So I ask “what should I wear?”.
“Well”, replied the lady in a charming Swedish accent, “you know the Michelin man?”
“Eh.. yes”, I reply tentatively,
“Well, that is the look you should be going for”.
And so began the Ice Extravaganza. Ten days trolling 1,200 kms (880 miles) through the artic circle looking akin to the Michelin man in search of adventure and, more importantly, warmth.
Our quest began in the north of Sweden in the town of Lulea (1). Here we picked up our noble steed, a shiny new Volvo V50 and headed straight for the Finnish boarder. Our car had several unusual features – a space heater, spiked tires and an electrical plug, used every night, to keep the motor block warm and to stop it cracking when starting in the morning sub-zero temperatures.
Through the snow storm, our first destination was the town of Kemi (2), on the Bothnian Bay. Kemi is a major port for Finland, where they import huge quantities of oranges e.t.c. to keep scurvy at bay during the long winter months. We were there to go to the beach. Leaving the hotel we enquired of the receptionist what the temperature was. “Well”, came the reply, “it is -15°c here, so it will be about -30°c (-22°f) at the beach”. That statement is wrong on so many levels, but we still headed off to rendezvous with our ship, the Sampo.
The Sampo is an ice breaker, built in 1960. However, she became redundant as container ships got bigger and her width could not carve a passage wide enough for them to pass. She was mothballed for a while until an enterprising Finn got the idea to offer ice breaker cruises. Starting in 2000 with 15 people, they now take 40,000 per year on a 5 hour cruise, teaching people about the nuances of how ice breakers work. (Interestingly they do not “cut” through the ice, the 9 engines delivering 12,000 horsepower pushes the rounded hull on top of the ice and the weight of the ship smashes down and breaks the ice. If it gets stuck, 250,000 liters of water are pumped from one tank to another in 40 seconds to make the ship wobble and thus crack the ice.)
After a ship tour and a reindeer lunch (the first of many) came the highlight of the trip – swimming the water of freshly broken ice. The ice was about 30 cms thick – 20 cms is thick enough to support a house and the ice can get to be 60 cms. We donned especially subtly coloured survival suits (allowing you to stay in the water for up to 7 hours) and went for a dip. It was great – cold, the wind chill bring the temperature down further so that getting out of the suits was a problem, the zippers froze the moment you got out of the water and had to be rinsed in warm water by a hot crew member before they would release their contents.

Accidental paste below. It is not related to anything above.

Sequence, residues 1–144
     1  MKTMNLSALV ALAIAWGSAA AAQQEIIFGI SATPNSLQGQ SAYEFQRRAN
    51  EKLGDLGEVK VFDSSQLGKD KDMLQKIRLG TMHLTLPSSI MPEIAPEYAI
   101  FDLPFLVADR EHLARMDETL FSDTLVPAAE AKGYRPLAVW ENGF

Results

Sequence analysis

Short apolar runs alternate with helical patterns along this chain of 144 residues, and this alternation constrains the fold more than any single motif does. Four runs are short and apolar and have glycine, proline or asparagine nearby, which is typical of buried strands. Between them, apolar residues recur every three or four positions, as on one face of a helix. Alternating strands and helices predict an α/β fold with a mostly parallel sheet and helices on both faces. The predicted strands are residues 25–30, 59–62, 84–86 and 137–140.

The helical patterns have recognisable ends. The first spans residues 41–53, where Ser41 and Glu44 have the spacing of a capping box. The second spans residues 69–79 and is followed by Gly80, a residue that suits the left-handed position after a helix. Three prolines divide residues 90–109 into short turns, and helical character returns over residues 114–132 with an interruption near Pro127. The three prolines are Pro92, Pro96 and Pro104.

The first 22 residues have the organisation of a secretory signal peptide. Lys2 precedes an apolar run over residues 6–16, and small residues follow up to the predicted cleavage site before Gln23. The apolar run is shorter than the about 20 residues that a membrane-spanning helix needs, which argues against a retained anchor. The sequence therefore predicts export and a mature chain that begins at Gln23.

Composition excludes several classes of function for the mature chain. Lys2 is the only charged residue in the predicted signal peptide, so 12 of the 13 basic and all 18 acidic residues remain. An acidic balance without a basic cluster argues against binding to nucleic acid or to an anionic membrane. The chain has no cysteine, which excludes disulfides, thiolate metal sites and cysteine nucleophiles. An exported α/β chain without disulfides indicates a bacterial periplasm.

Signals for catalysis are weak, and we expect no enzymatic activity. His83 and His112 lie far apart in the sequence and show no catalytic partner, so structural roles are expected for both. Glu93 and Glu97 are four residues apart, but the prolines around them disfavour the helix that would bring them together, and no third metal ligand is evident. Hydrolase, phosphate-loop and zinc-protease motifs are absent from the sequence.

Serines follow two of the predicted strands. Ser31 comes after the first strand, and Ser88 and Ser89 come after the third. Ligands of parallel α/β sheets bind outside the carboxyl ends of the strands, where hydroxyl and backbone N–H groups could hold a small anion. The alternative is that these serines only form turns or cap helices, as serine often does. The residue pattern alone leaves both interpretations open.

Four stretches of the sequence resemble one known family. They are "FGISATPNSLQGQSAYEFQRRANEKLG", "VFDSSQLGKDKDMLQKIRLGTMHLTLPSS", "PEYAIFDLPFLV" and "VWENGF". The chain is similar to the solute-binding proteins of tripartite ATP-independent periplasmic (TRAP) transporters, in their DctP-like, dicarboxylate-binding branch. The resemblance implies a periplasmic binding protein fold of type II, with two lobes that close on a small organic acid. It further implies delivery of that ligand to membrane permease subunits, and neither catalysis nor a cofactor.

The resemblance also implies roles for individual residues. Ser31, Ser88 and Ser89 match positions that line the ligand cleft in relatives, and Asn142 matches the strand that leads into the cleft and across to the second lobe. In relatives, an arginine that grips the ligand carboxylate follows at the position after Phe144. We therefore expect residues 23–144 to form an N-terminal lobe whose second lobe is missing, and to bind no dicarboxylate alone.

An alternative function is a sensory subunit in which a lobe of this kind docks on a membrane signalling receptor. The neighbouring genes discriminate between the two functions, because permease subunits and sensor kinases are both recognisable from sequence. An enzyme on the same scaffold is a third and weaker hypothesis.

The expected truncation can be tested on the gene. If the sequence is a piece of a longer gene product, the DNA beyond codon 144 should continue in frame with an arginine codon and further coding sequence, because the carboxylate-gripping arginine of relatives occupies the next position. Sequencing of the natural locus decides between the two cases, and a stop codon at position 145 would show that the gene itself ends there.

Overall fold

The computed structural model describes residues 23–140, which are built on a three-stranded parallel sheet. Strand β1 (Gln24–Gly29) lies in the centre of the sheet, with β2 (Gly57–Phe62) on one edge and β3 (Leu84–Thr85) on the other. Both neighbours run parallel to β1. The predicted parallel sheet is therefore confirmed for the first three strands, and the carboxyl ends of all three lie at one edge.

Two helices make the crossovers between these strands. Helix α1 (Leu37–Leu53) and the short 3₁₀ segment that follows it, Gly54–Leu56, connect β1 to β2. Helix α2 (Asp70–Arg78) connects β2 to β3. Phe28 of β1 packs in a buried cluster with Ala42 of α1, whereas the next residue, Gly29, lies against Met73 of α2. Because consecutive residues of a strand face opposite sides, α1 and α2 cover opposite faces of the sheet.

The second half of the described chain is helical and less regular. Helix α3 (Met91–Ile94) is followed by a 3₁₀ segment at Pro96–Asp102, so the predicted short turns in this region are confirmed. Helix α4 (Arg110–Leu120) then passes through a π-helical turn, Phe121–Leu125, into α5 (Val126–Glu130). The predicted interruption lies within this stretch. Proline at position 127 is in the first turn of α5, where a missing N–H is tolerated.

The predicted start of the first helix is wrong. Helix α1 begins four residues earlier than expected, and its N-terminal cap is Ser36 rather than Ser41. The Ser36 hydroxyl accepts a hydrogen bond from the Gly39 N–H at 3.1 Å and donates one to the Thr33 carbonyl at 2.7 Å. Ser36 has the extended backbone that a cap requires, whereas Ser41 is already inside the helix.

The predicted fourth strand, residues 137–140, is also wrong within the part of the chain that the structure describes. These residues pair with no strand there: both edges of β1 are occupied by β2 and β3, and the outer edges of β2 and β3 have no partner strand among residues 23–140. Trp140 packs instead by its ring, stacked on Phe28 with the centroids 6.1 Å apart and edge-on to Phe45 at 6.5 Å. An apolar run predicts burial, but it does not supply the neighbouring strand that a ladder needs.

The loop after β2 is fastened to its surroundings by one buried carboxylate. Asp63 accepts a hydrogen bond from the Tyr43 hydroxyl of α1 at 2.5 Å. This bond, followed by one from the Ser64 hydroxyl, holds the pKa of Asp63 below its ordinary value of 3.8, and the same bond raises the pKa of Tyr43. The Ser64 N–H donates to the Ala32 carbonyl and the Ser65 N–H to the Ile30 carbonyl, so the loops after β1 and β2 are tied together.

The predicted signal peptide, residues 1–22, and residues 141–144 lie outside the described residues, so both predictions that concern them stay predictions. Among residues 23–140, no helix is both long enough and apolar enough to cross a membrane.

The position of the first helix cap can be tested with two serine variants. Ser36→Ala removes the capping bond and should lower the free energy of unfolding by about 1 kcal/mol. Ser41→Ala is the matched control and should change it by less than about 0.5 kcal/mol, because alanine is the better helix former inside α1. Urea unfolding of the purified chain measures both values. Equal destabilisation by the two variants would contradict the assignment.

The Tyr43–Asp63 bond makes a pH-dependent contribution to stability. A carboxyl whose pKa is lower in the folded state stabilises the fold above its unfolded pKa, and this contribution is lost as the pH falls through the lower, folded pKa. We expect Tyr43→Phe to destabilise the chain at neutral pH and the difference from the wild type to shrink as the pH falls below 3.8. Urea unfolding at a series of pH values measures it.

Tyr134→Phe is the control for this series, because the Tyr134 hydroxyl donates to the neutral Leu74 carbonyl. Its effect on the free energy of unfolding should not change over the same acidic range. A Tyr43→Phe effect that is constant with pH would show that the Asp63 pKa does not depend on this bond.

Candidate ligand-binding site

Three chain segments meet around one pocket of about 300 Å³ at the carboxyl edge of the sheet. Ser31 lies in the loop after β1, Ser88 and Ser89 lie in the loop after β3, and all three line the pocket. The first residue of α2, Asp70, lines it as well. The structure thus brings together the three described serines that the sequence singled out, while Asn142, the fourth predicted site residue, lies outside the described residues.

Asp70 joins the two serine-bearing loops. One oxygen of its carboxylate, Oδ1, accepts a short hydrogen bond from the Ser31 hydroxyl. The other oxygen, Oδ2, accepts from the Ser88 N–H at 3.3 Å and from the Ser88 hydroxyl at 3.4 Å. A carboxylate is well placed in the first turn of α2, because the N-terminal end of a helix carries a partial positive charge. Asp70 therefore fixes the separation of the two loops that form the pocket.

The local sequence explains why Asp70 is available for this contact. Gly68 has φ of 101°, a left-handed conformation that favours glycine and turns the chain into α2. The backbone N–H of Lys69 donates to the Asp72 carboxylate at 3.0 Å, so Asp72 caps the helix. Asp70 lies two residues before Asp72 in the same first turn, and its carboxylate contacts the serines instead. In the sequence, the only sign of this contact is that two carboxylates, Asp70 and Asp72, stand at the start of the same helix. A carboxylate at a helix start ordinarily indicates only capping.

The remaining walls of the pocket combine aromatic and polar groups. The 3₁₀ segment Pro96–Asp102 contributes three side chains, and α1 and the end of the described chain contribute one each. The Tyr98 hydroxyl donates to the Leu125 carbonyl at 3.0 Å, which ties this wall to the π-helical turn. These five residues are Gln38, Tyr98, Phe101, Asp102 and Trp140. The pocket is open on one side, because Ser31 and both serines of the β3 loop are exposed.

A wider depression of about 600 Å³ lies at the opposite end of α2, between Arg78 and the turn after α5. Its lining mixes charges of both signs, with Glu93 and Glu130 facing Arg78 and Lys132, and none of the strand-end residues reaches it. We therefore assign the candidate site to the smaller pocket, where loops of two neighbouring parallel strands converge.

After a night in an igloo, we went on to the city of Rovaniemi (3), home of Father Christmas. Here we visited Santa’s Village, where in 2004 the post office received half a million letters, just before Christmas, they are coming in at 32,000 a day. Here Santa’s elves answer as many as they can, although only about 8% can be answered due to missing return addresses or illegibility – we were put to work. Then off to meet the great man himself – at an unreasonable 17€ per person. I gave him my wish list; a Ferrari, plasma screen TV, and world peace. He asked if I had been a good boy, and I confirmed that I had. Let’s see what happens.
That afternoon we went on an adventure tour, taking a 20 km snowmobile ride to the Husky men, and then a dog sledge tour of the countryside before returning on the snowmobiles. We had a 4 minute introduction to snowmobiling before setting off along the frozen river bed in a totally white alien landscape. As we got to the dogs it started to snow making it even more magical. After being warned never to let go of the dog-sledge we were off. Ten people, 2 each in a sledge, one passenger and one driver in single file, accelerated through the woods. The dogs knew where to go, but I watched with amazement as one of my traveling companions tripped, was dragged through the snow and finally let go of the sledge. The less-burdened dogs quickly accelerated, alarming the passenger, who in a move worthy of James Bond, hurdled the sledge and brought it to halt. Exciting stuff.
From there, after some warm juice and sausage on a stick, we drove back in a total white-out. I was amazed our guide got us home, it was about 4:00pm and already dark – the snow was coming down so fast I could only just make out the snowmobile in front of me. Reaching our destination, I asked the guide how he had done it, avoiding the perils such as open pools in the river, and he reassuringly said he had no idea, he had been terrified too. The perfect end to a wonderful day.
But from there the adventure was just beginning… (on to part 2)